JE: We want to leverage data to provide culinary variety and the best possible dining experience. For example, we look at data to understand diners’ cuisine and neighborhood preferences, which helps tailor restaurant and dining experience recommendations. And when the location feature is enabled, we can use data to predict what diners may like when they are in certain cities.

CZ: OpenTable introduced its own mobile payments in February of last year. Can you tell us about the thoughts and decisions behind this program?

JE: One of the benefits we think we can provide by creating a holistic dining experience is adding value before, during and after you dine at a restaurant. We have a very unique thing in that we have technology in the hands of diners and our hospitality solution system in the hands of restaurants. Therefore, we know, for example, Joseph goes to Bar Tartine restaurant in San Francisco and he is sitting at table 34. Then we connect these dots with the point of sale (POS) system which shows Joseph has a mobile app, so we will let him just see the check, pay straight off and leave without delay. 

Because we can close that loop with the POS, and between our system and the diner with a mobile app, it’s a beautiful experience where you walk into a restaurant, order your food and click to see your whole check, all without waiting for a waiter.

Our mobile payments also adds value to restaurants because they can move tables faster and thus offer a better experience and serve more diners.

CZ: How many diners have used OpenTable’s mobile payments?

JE: In terms of Pay with OpenTable, we have more than 500,000 Pay-enabled diners.

CZ: Google Maps integrated OpenTable last November. How has Google’s local search helped evolve your business?

JE: We work with many partners, and Google is one of them. When you search for a restaurant on Google, you can see links to OpenTable. We look at all of that as an additional distribution that Google provides to our restaurants. Now our restaurant partners are automatically integrated into Google’s local search results, so they may not need to purchase ads with Google AdWords.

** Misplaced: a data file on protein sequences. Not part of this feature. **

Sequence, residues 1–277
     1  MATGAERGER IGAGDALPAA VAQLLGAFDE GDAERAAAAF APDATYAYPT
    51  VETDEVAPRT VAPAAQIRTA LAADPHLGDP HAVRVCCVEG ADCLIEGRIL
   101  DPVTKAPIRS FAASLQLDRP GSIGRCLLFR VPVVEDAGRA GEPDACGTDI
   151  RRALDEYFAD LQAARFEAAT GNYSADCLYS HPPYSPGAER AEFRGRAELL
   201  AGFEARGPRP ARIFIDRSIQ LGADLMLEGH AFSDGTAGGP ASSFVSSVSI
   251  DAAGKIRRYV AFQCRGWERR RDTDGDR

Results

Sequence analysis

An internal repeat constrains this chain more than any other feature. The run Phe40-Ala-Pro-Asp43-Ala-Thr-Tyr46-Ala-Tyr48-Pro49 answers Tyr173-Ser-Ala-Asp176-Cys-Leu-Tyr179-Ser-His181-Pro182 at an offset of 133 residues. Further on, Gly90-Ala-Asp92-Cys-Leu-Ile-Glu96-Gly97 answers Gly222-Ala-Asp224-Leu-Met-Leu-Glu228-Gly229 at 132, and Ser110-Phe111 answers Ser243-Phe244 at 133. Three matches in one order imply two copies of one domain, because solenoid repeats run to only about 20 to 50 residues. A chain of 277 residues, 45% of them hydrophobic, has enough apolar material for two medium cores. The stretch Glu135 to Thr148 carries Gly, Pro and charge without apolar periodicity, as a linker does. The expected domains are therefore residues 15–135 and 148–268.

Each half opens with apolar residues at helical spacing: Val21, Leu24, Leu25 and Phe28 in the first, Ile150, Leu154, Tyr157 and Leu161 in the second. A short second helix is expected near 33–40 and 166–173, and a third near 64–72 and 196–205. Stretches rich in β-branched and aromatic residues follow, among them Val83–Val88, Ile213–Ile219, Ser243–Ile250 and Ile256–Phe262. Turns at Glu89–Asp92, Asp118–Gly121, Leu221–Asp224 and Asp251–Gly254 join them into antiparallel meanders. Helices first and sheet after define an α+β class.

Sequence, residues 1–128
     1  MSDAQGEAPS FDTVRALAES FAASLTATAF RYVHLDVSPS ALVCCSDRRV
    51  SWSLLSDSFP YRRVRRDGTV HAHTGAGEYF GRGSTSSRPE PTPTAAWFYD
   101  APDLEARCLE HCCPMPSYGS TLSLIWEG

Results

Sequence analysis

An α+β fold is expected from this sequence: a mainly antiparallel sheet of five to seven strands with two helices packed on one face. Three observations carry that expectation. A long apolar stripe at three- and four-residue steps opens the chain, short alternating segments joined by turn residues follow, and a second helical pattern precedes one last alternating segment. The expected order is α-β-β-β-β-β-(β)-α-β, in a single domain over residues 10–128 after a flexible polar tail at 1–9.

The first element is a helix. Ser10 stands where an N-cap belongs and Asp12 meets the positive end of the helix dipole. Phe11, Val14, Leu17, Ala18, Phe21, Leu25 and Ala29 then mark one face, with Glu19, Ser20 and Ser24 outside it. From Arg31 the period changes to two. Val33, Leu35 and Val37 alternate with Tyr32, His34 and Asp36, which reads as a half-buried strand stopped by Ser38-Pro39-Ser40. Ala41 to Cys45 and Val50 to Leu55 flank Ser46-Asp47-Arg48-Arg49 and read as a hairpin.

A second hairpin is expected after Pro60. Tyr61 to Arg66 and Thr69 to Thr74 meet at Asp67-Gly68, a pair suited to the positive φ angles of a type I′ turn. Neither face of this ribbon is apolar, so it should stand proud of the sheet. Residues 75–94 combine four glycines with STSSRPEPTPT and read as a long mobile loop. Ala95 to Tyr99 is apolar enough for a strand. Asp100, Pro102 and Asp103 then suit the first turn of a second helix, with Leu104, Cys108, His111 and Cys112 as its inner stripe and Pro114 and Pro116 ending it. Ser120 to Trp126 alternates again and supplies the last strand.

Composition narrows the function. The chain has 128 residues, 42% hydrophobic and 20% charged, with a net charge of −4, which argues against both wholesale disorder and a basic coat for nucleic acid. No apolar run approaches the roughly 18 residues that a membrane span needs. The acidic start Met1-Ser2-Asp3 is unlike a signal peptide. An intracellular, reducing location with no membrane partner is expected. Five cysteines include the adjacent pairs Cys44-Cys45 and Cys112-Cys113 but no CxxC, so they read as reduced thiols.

For us, it’s a great opportunity to enhance marketing efforts on behalf of restaurants. But it’s a small chunk of our business in terms of offering additional distribution for our restaurant partners. More than 90 percent of the diners we seat book through OpenTable.com and our mobile apps.

CZ: Google will start indexing content from iOS apps in search results. Apple’s iOS 9 will present users with contextually aware information, including frequently opened apps based on time of day and location. How would these moves affect OpenTable?

JE: We work very closely with Google and Apple. For us, Google’s and Apple’s announcements will allow us to create a better dining experience. When you search in Google or on Apple, you will be able to see accurate results and deep-linking to mobile pages inside our app, so your dining experience will be faster and cleaner, and you will get relevant information in a better way presented to you.

CZ: Anything new we can expect from OpenTable this year?

JE: We always work on new things. Mobile, data and platform integration are definitely hot subjects that we have been, and will be focused on.